In this article, we’ll have a look at the factors that can affect how much your repayments are for a £120,000 mortgage, some example calculations, and how to secure the lowest repayments possible.
Before you read on, use our calculator below to get an idea of what your mortgage repayments will be. Simply enter ‘120000’ into the tool along with a term length and interest rate to get some quick results.
Mortgage Repayment Calculator
Our mortgage repayment calculator can tell you how much your mortgage will cost you each month and overall. Enter the amount you’re borrowing, the term length and interest rate, and our calculator will do the rest.
Total amount paid at end of term:
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How much will your £120,000 mortgage cost per month?
To give an example based on current average interest rates (October 2023) and term lengths, a £120,000 mortgage with a 30-year term and a 5.5% interest rate would cost £681 per month.
However, your exact monthly repayments can vary quite considerably, depending on both your personal circumstances and the mortgage-related factors outlined below:
The higher your interest rate is, the more expensive your monthly payments will be.
It’s possible to maintain the lowest rates possible by remortgaging as soon as your existing deal comes to an end, as this will prevent you from slipping onto your lender’s SVR (standard variable rate) of interest, which is typically much higher.
The longer your mortgage term, the lower your repayments will be. However, a shorter term means you’ll pay less interest overall. The key is to select a term with a repayment you feel comfortable with from a financial perspective without over stretching.
There are a range of mortgage types available but, in reality, the main option for most people is a choice between a fixed-rate mortgage or a tracker mortgage.
A fixed-rate will give you the guarantee of knowing what your repayments will be each month. A tracker rate will vary in line with the Bank of England base rate, so if the base rate comes down then your repayments will also reduce.
You could also consider the repayment method. An interest-only mortgage dramatically reduces the cost of monthly repayments, regardless of the size of the interest rate. However, you would need a separate repayment vehicle to repay the capital amount in full at the end of the term.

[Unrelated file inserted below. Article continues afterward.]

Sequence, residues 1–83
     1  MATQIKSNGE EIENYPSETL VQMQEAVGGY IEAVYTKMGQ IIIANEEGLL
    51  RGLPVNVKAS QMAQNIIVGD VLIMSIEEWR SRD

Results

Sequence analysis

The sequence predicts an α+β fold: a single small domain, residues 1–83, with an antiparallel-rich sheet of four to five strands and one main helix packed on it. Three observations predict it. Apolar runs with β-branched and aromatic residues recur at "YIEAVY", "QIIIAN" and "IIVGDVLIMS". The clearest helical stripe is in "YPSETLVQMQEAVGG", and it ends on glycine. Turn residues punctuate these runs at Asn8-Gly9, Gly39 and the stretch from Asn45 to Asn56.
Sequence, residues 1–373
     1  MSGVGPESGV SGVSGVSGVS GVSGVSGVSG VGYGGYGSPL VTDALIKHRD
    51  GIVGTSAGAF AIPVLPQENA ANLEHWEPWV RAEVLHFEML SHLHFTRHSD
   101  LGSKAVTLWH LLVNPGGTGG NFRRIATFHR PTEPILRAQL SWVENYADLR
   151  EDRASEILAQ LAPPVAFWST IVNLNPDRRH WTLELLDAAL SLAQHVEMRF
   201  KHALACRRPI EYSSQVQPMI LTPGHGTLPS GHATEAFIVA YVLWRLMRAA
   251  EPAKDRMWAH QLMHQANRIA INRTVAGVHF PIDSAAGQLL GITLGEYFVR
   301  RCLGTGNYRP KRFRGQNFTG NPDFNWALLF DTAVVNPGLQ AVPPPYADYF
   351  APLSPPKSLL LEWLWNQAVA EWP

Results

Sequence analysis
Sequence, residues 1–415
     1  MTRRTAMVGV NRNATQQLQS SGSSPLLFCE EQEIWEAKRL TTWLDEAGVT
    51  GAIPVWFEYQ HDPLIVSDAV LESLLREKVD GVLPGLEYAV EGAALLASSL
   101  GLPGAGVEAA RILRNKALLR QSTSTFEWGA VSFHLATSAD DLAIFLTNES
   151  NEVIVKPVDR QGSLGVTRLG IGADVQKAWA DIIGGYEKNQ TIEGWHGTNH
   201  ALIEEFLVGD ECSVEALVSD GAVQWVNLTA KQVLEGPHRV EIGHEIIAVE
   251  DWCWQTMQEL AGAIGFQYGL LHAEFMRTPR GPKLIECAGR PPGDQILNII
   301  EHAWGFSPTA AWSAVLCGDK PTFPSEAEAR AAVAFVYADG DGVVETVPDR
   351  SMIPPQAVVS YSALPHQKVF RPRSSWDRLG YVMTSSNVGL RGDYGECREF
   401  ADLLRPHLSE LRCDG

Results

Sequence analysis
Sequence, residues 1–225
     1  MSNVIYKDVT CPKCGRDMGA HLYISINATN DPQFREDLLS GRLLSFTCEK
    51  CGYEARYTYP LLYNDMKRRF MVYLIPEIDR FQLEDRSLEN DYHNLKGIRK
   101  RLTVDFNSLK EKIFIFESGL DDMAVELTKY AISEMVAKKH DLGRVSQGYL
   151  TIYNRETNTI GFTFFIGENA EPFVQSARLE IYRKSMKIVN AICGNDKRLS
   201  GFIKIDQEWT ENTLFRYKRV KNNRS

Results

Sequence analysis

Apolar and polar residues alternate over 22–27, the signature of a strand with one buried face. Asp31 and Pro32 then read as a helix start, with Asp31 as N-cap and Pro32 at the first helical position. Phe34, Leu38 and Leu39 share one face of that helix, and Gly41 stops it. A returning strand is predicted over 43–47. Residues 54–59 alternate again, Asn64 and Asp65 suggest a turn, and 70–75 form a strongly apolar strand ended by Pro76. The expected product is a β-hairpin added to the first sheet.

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The table below shows how the repayments on a £120,000 mortgage can vary based on different interest rates and term lengths.
For the purpose of this table we are assuming the interest rate stays the same for the full length of the mortgage. Interest rates can change, if you decide to remortgage on to a different rate or move from either a fixed or discounted deal on to the lender’s standard variable rate (SVR).
Other factors that could affect your repayments
In addition to those already mentioned, there are some other factors that can indirectly affect your mortgage repayments. For example:
- Your age. Most lenders have maximum age limits on their lending, so your age can have a significant impact on the length of term you’re able to qualify for. For example, if the lender’s age limit is 75 years, a 30-year-old could potentially qualify for a term of 35 or even 40 years, whereas for a 55-year-old, 15-20 years is likely to be the longest term possible. If you’re an older borrower, the good news is that there are some lenders who don’t use a maximum age limit, as well as specialist lending products designed for those over the age of 55.
- Credit score. The most competitive interest rates are often reserved for those with a strong credit score. With a history of adverse credit, it may still be possible to get a bad credit mortgage, but interest rates are typically higher.
- Deposit. The amount of deposit you provide also has the potential to influence your monthly payments, as lenders tend to offer better interest rates, the lower the loan-to-value (LTV) of your borrowing.